Caregivers assist elderly people who are sick, injured, or disabled and must undergo certain training requirements to provide proper care.
Caregivers are vital members of nursing home staff, as they are usually the people that residents interact with the most. Continue reading to learn more about the duties of caregivers and how they receive adequate training for their important responsibilities.
What Do Caregivers Do?
Nursing home caregivers play a fundamental role in the health and well-being of elderly patients. Although they receive some level of training, they are not certified or licensed. They are not able to perform all of the same duties as a certified nursing assistant, medical technician, registered nurse, physician, or the like.
On a typical day, caregivers might find themselves performing the following tasks:
- Assisting with basic hygienic needs such as bathing, hair care and styling, nail care, toileting needs, dressing, brushing their teeth, etc.
- Performing housekeeping duties such as vacuuming, laundry, changing sheets, tidying residents’ rooms, and other basic cleaning
- Preparing and distributing meals
- Running errands
- Helping with transportation
- Organizing social events
- Offering reliable companionship
- Helping with medication management
- Taking notes and directly reporting them to a physician or nurse
On the Job Training for Caregivers
The required education level for caregivers is a high school diploma or a GED, so the majority of their training happens on the job. Assisted living facilities train their employees according to their individual procedures and state-specific regulations. Many facilities also have additional requirements that must be completed upon hiring, such as:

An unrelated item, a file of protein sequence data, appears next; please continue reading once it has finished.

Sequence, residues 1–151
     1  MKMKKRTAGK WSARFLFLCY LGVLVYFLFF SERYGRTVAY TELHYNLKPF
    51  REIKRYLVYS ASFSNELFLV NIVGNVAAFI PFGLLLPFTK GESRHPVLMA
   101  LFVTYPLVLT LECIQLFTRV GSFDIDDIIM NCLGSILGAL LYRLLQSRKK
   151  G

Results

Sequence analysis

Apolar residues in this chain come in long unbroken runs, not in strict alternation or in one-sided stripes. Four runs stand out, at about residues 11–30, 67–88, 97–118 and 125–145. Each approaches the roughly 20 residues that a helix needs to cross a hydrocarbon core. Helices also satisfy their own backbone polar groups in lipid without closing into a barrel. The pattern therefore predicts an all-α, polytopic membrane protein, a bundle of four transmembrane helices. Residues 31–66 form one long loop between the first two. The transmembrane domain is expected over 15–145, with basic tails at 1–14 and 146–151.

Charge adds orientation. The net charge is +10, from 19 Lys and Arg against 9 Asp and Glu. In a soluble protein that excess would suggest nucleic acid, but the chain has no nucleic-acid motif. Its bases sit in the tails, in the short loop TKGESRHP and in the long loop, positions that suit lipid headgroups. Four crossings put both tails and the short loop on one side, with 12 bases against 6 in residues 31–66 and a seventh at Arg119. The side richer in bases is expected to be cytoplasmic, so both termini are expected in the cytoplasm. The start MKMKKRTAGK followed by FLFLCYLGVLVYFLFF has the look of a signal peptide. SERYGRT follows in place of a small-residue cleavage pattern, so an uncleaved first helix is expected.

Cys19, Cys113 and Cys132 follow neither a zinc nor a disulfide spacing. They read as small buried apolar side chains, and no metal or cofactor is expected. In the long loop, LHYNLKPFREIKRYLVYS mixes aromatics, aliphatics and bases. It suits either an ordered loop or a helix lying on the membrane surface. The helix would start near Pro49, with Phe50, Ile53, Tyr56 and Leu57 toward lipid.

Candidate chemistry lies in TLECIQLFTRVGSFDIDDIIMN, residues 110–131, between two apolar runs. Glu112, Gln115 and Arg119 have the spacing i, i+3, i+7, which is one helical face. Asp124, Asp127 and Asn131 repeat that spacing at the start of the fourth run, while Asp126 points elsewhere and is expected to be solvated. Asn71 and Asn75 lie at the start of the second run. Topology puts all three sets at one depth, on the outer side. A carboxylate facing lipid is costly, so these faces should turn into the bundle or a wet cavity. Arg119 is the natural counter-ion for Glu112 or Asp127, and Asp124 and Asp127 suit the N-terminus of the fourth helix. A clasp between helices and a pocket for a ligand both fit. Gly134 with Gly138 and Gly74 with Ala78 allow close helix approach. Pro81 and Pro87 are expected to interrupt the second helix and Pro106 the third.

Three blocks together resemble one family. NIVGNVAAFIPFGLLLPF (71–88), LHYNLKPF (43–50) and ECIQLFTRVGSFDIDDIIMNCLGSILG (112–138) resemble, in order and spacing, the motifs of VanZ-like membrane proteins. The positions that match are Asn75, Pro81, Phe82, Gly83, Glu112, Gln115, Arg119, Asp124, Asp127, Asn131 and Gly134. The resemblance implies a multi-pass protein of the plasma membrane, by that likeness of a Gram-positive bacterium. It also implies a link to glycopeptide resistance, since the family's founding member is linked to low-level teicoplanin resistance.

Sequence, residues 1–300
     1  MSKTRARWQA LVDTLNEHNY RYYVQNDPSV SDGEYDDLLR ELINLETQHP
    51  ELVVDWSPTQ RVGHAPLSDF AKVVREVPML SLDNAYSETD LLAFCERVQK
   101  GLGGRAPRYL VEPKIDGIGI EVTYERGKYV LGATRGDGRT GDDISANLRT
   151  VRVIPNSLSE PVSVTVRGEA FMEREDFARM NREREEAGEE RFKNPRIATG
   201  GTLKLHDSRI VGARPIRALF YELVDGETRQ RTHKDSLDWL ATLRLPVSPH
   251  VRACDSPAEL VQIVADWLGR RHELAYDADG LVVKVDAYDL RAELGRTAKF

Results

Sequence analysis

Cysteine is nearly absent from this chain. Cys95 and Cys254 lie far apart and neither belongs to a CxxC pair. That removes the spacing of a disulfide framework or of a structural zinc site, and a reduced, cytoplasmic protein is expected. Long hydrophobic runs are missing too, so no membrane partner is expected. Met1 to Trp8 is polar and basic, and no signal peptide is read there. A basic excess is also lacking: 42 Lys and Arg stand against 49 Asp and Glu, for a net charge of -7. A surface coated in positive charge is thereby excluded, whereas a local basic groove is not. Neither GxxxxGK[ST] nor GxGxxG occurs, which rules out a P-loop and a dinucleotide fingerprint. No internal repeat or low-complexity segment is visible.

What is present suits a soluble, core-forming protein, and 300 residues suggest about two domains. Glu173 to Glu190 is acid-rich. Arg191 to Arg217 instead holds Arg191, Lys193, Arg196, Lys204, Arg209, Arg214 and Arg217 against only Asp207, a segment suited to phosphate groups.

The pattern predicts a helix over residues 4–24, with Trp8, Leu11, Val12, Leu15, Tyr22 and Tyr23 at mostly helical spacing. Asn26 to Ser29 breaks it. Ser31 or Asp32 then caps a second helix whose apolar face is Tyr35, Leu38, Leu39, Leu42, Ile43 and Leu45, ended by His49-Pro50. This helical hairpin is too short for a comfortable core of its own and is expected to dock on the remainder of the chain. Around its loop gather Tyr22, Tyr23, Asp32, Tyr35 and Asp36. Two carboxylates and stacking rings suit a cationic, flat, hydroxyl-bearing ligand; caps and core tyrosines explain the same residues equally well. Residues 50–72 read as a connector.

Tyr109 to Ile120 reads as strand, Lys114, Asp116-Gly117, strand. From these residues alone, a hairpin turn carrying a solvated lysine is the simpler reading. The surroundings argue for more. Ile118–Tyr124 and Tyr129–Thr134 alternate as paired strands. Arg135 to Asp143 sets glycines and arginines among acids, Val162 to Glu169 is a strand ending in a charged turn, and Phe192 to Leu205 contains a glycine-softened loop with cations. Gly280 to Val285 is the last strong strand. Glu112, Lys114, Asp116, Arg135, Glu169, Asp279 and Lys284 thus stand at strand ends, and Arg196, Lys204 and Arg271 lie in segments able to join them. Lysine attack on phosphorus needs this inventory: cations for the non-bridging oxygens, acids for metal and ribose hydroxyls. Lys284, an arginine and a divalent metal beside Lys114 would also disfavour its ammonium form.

- CPR certification
- First Aid certification
- State competency exam
- Clean background check
Caregiver Burnout and Fatigue
Due to the taxing nature of their job, many caregivers experience “caregiver burnout” which can leave them feeling overwhelmed and fatigued. This is a state of mental, physical, and emotional exhaustion that is often accompanied by a change in attitude. Burnout happens when caregivers neglect their own health or try to do more than they are able to.
It’s vital for all caregivers to recognize the warning signs so that they can receive help before spiraling out of control. Once this happens, it’s nearly impossible to provide elderly patients with proper care and could potentially lead to nursing home abuse.
The symptoms of caregiver burnout are similar to that of stress and depression and include:
- Withdrawal from loved ones
- Loss of interest in activities previously enjoyed
- A general feeling of hopelessness
- Changes in appetite or sleep patterns
- New or worsening health problems
- Trouble concentrating
- Feeling resentful, flustered, or frustrated
If Your Loved One Has Suffered Nursing Home Abuse, Flickinger Sutterfield & Boulton Can Help
If a caregiver fails to attend to your loved one in their assisted living facility, Flickinger Sutterfield & Boulton is here to fight for the care they deserve. We understand how critical it is to hold negligent nursing home staff accountable for any degree of abuse or neglect their staff has inflicted upon their residents.
Our offices are located in Orem, Provo, Saratoga Springs, and West Jordan, Utah. Contact us to schedule your free case evaluation today.